A zillion little traps after cutting a flower stalk?

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my Dionaea has recently stopped growing normal-sized traps, and it has decided to produce zillions of small traps instead. I've counted more than 30 traps, all sprouted in the last 2-3 weeks.

This happened right after I cut the flower stalk (it was about 3 inches tall at the time), but this had never happened in the past, when I grew my Dionaeas outdoors. Today I'm forced to grow it indoors, at my office desk to be exact, under a 23W white fluorescent lamp (16h light/8h dark). So I really don't know how angry the poor plant might be for one thing or the other, the stalk or the weird growing conditions.

I'm sure others had similar experiences with Dionaea... Was cutting the stalk that caused all this growth this time?


General view of the poor accomodation


Close-up of the zillion small traps


How the plant looked like about a month ago


Edited by Roberto
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The Flytrap is dividing. It's common for a Venus Flytrap to grow one or more new rosettes (growing crowns) after putting up a flower stalk, usually but not always followed by a pause in growth before the new divisions become visible.

One way to look at it is this-- A single Venus Flytrap, with just one growing crown, will flower as the terminal action of that growing crown, just as many annual plants finish their growth by flowering and setting seed. In the case of the Venus Flytrap, the end of the growth of one rosette (represented by putting up the flowerstalk) often means that this particular rosette is ready to die, at the end of its lifecycle. But the plant (usually) has plenty of food and nutrients stored in the rhizome, from which new plants (the divisions) arise, from the tissue shared by all leaves at the bottom of the rhizome.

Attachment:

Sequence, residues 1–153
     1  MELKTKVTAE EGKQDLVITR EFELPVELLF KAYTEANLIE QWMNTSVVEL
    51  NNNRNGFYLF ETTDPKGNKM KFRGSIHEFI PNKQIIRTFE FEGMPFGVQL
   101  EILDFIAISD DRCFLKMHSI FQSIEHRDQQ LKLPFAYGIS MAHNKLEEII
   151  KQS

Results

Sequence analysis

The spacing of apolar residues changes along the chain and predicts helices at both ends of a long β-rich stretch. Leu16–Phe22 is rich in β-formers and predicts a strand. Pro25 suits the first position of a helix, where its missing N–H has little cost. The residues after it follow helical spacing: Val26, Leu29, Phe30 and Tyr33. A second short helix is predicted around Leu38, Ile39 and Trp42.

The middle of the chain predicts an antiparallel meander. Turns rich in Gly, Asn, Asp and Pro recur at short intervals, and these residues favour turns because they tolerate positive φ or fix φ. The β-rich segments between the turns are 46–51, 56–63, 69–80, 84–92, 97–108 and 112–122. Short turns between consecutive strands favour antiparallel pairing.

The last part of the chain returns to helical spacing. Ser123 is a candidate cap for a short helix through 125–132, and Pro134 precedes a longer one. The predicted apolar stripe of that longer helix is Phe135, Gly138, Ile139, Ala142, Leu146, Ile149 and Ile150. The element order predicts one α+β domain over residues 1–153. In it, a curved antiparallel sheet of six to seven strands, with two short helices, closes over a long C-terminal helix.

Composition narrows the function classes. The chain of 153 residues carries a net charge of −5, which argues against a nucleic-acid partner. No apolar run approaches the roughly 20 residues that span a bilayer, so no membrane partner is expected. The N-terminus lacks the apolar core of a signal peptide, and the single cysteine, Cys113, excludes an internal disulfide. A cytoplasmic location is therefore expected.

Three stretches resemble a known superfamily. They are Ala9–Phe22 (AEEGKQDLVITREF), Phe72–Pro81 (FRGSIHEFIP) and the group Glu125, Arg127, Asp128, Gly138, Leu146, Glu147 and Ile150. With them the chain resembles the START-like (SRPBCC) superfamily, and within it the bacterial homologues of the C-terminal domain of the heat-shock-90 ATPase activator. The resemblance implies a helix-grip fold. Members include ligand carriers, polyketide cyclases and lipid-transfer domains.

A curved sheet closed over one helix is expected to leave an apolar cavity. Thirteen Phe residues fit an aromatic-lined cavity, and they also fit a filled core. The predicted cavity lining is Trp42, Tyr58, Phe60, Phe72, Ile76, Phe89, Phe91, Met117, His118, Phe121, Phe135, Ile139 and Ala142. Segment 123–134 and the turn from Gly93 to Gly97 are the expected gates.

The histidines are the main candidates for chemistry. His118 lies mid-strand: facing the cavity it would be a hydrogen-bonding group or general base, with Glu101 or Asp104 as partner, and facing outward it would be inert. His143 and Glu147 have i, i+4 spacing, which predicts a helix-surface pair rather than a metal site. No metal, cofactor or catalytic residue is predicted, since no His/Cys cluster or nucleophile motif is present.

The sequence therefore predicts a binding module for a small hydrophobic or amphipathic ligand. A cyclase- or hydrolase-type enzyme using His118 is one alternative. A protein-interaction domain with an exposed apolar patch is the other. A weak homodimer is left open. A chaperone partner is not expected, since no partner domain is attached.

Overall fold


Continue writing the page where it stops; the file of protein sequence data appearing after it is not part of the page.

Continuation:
Some Venus Flytraps, depending on various characteristics or conditions, will produce just one new growing crown, or several, or many. These divisions can also happen (and frequently do happen) at other times of the growing season as well. Some Venus Flytrap clones tend to divide more frequently than others, but all have the capacity to replace themselves with new young plants from the old plant's remaining tissue.

Over the next weeks and months, every leaf from the old growing rosette, before the Flytrap produced the flowerstalk, is likely to die, and when the last one dies and the remaining part of the flowerstalk has darkened and died, nothing will remain of the old Venus Flytrap except for some leaf-base material under the surface of the growing medium that continues to feed the new, young divisions until it is exhausted.

Anyway, thanks for sharing the photos! :smile:

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Thank you FlytrapRanch, I think that's the exact case. Many of the old, big leaves are in fact blackening and dying.

You explained it so logically that I'm a bit ashamed I didn't realize it before, heheh. Thank you so much!


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  • 3 weeks later...

I was thinking that it could be TC related too. Is the plant relatively new and was it purchased from a nursery or store, rather than being a division from a plant?

It certainly looks happy, considering that it is under artificial lighting. I've successfully grown a VFT this way in the past and it's surprising how little wattage is required if the lamp is close enough to the plant.

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Well, the plant was definitely not straight from tissue culture... It had quite the "grown-up" looks when I purchased it.

This is the first picture I took of it, from may 25 (just a note - the illumination has changed since then).


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I know what you mean, and I bought it at a flower shop (just a reseller then) so I can't exclude that the plant might have been raised by tissue culture. All in all, it's likely. But even so, by the size of its traps, it must have spent enough time out of TC before being sold (and then a further three months growing on my desk, before the burst started) to make the TC boost a less likely explanation, wouldn't you agree?

Besides, all but two of the old, bigger leaves blackened and died, just as FlytrapRanch predicted (the last two traps are senescent).

All considered, I would think that FlytrapRanch's explanation - the death of the old plant - nailed what happened in this specific case... or can the TC effect be so long-lasting, and delayed?

Edited by Roberto
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